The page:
For every successful band there’s a marketable lead singer looking to put his or her name in lights with an offshoot solo project. And these endeavors essentially give rise to more docile and placid renderings of the artist’s erstwhile sounds. This is his or her chance to showcase vocal talent while leaving any scene-stealing guitar solos on the cutting-room floor, nourishing the vanity of that narcissistic beast that is the frontman or frontwoman. Of course, not every solo project is a vainglorious ego trip to rival Brandon Flowers’s Flamingo, but even the cream of the extracurricular crop seems trivial in its existence.
Fran Healy is the featherlight crooner of the already docile British indie outfit Travis, and he breaks from his bandmates for this collection of especially soft acoustic numbers. Paul McCartney lends his bass guitar to one track and Neko Case her vocals to another, but Wreckorder rarely strays far enough from a Travis-lite sound to justify Healy’s decision to go solo.
Lead single “Buttercups,” for example, is your token Travis tune. Healy’s voice is beautifully strained as he lets his unrequited love narrative unfold, bouncing along the bijou twangs of the same acoustic guitar sound that adorned The Invisible Band‘s more intimate moments. And with “Holiday” and “Anything,” Wreckorder floods back to the darker turns of 12 Memories. Essentially, the listener is ushered through Travis’s hummable back catalogue for large portions of the album, only here the tracks are served without the dynamism and verve of a group effort.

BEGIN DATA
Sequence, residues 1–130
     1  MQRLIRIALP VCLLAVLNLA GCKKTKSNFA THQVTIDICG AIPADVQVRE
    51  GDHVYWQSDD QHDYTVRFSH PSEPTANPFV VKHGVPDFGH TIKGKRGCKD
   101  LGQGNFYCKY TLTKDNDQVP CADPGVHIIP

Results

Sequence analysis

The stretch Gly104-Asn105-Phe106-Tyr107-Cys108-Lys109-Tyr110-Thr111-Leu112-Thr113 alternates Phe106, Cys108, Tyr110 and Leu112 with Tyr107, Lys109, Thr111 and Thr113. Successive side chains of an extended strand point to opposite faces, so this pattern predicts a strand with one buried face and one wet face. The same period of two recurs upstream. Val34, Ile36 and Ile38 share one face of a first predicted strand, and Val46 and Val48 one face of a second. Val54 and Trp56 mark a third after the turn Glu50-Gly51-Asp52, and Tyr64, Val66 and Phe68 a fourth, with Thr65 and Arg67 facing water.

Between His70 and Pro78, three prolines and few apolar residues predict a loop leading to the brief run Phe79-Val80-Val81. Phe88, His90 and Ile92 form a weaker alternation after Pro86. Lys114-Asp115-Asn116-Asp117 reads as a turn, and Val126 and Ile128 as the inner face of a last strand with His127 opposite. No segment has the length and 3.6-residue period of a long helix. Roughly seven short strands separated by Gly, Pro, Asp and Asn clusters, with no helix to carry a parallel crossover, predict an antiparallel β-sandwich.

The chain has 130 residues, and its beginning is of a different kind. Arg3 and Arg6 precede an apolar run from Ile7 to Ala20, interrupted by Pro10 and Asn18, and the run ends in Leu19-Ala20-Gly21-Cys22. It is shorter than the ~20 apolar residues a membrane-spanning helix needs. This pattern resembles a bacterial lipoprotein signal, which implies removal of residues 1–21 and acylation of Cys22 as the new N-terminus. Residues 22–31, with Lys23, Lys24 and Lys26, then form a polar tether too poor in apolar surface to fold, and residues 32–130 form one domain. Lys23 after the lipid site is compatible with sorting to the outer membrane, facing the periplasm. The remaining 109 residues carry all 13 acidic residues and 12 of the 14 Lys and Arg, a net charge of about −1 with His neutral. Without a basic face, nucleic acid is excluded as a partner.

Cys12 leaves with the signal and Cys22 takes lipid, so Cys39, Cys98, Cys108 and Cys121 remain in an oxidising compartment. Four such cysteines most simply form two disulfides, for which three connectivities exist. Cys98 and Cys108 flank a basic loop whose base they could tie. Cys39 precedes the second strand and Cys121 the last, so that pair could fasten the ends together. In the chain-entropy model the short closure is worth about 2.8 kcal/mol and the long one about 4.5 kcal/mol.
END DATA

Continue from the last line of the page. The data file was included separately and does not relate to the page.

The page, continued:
To achieve this aforesaid dynamism, then, Healy turns to his distinguished roll of featured guests. His duet with Case on “Sing Me to Sleep” works wondrously, her dusty country sonic supplementing Healy’s honeyed croon for an off-kilter lullaby finished with ghostly slide guitar. It must be said that McCartney’s turn on “As It Comes” isn’t exactly distinguishable, and hardly warrants Healy’s decision to give thanks by way of turning vegetarian, but it’s still one of the album’s strongest tracks. Healy adopts the guise of a world-withered pensioner casting a tearful eye on his romance and marriage, telling a stirring tale which is complemented beautifully by a resonant piano melody and subtle string work.
Clocking in at a brisk 34 minutes, there isn’t enough time for Wreckorder to falter. But on the other hand, Healy can’t seem to find the time to amply spread his wings either. Though there’s very little here that couldn’t have been done without his previous bandmates, the Travis frontman delivers a sumptuous collection of low-key ditties that should further cement his legacy as one of Britain’s most bankable songwriters.